Mrs Pargeter’s Pound Of Flesh (1992) by Simon Brett

Mrs Melita Pargeter is not one for diets – far from it, as she has always enjoyed the finer things in life. But when Kim Thurrock, the wife of one of the late Mr Pargeter’s associates, is desperate to lose some weight due to said associate returning from a stay at Her Majesty’s pleasure, she decides to show moral support at least, and accompany her to Brotherton Hall, a healthy living and weight loss centre.

Thankfully, the Hall is run by another of Mr Pargeter’s old associates, and he is more than welcome to provide Mrs Pargeter with a “special” diet while she supports her friends. However, when she takes a midnight stroll and stumbles upon the body of a customer being wheeled away into the night, Mrs Pargeter realises that something dangerous is taking place at Brotheron Hall, something she is determined to get to the bottom of.

As I’ve said before, I’ve deliberately tried to have a month of reading only great books – Awesome April, so to speak, to make up for Mediocre March – but that doesn’t mean every read has to be a cast-iron classic. Sometimes, one needs a little aperitif, something light and breezy that will pass the time in a pleasurable way and not hang around. When I spotted that Joffe Books had reissued the first four Mrs Pargeter titles, this seemed an ideal choice. I’ve read the first three and the last two – see the list below – and I’ve enjoyed all of them. They’re not exactly deeply plotted mysteries, but with endearing characters and a good sense of humour running through them, they are always a fun read.

This one is no exception. The villain is hardly a surprise, but that doesn’t particularly matter. The plot chugs along nicely, with the reader having a fun time from chapter to chapter. Mrs Pargeter is, to me, Simon Brett’s most endearing creation – I’ve always found Charles Paris annoyingly self-destructive, whereas Mrs P knows exactly what her place is in the world and, oddly given her past and associates, has a strong moral streak.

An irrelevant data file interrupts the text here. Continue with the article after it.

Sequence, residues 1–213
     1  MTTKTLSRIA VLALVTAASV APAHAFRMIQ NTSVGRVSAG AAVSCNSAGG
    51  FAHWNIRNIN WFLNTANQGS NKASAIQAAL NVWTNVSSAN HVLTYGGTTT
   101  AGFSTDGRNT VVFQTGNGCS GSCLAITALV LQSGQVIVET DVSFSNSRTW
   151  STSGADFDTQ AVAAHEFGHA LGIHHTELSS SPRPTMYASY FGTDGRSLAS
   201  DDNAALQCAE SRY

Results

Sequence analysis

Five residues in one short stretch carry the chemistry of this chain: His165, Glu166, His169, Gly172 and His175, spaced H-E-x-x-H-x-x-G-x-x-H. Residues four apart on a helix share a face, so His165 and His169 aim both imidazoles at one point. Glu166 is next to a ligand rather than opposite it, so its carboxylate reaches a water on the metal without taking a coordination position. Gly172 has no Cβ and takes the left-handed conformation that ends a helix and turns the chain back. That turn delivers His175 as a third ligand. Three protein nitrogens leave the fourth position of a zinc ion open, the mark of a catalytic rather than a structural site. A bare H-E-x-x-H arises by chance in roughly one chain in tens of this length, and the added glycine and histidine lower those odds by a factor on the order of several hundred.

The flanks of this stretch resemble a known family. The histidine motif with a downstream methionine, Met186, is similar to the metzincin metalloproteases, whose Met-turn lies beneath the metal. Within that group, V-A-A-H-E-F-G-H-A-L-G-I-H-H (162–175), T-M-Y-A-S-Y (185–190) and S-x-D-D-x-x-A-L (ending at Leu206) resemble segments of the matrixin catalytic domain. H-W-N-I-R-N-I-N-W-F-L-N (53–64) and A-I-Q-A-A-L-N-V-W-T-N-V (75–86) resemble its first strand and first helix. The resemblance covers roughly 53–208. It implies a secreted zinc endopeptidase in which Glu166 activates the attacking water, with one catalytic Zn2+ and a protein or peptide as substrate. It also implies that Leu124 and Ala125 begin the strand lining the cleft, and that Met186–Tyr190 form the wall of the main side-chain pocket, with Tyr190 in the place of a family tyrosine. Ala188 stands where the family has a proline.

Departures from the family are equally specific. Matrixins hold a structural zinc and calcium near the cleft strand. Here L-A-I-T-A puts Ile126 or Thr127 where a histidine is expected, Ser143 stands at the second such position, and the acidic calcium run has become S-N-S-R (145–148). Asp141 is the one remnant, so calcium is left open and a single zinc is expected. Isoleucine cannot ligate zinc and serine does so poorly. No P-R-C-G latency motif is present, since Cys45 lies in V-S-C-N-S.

That said, there is one clumsy plot aspect here – once a character is named early in the story, it is inevitable they will be eventually involved somehow, but it just seemed unnecessary. It’s not as if Mrs P needed more motivation to bring the villain to justice. I just didn’t really see what this added to the story.

Regardless, this is a fun, quick read and if you’re a fan of Simon Brett’s work and haven’t checked out Mrs Pargeter yet, you really should.

The Mrs Pargeter Mysteries:

3 comments

  1. I like the Feathering mysteries for the same reason – nice fun stories that don’t tax the brain to much.

    Charles Paris stories are fun, but his self destruction becomes a drag I found as well. I think the BBC Radio adaptations are a good compromise, though they are slimmed down quite a bit.

    Liked by 1 person

    • I agree with Graham: the Fethering stories are a lot of fun, the Charles Paris novels become bleak with Charles’ alcoholism. The most recent one basically reads like an AA pamphlet.

      Small nitpick: the Mrs Pargeter stories are reprinted by Joffe, not Canelo. 🙂

      Like

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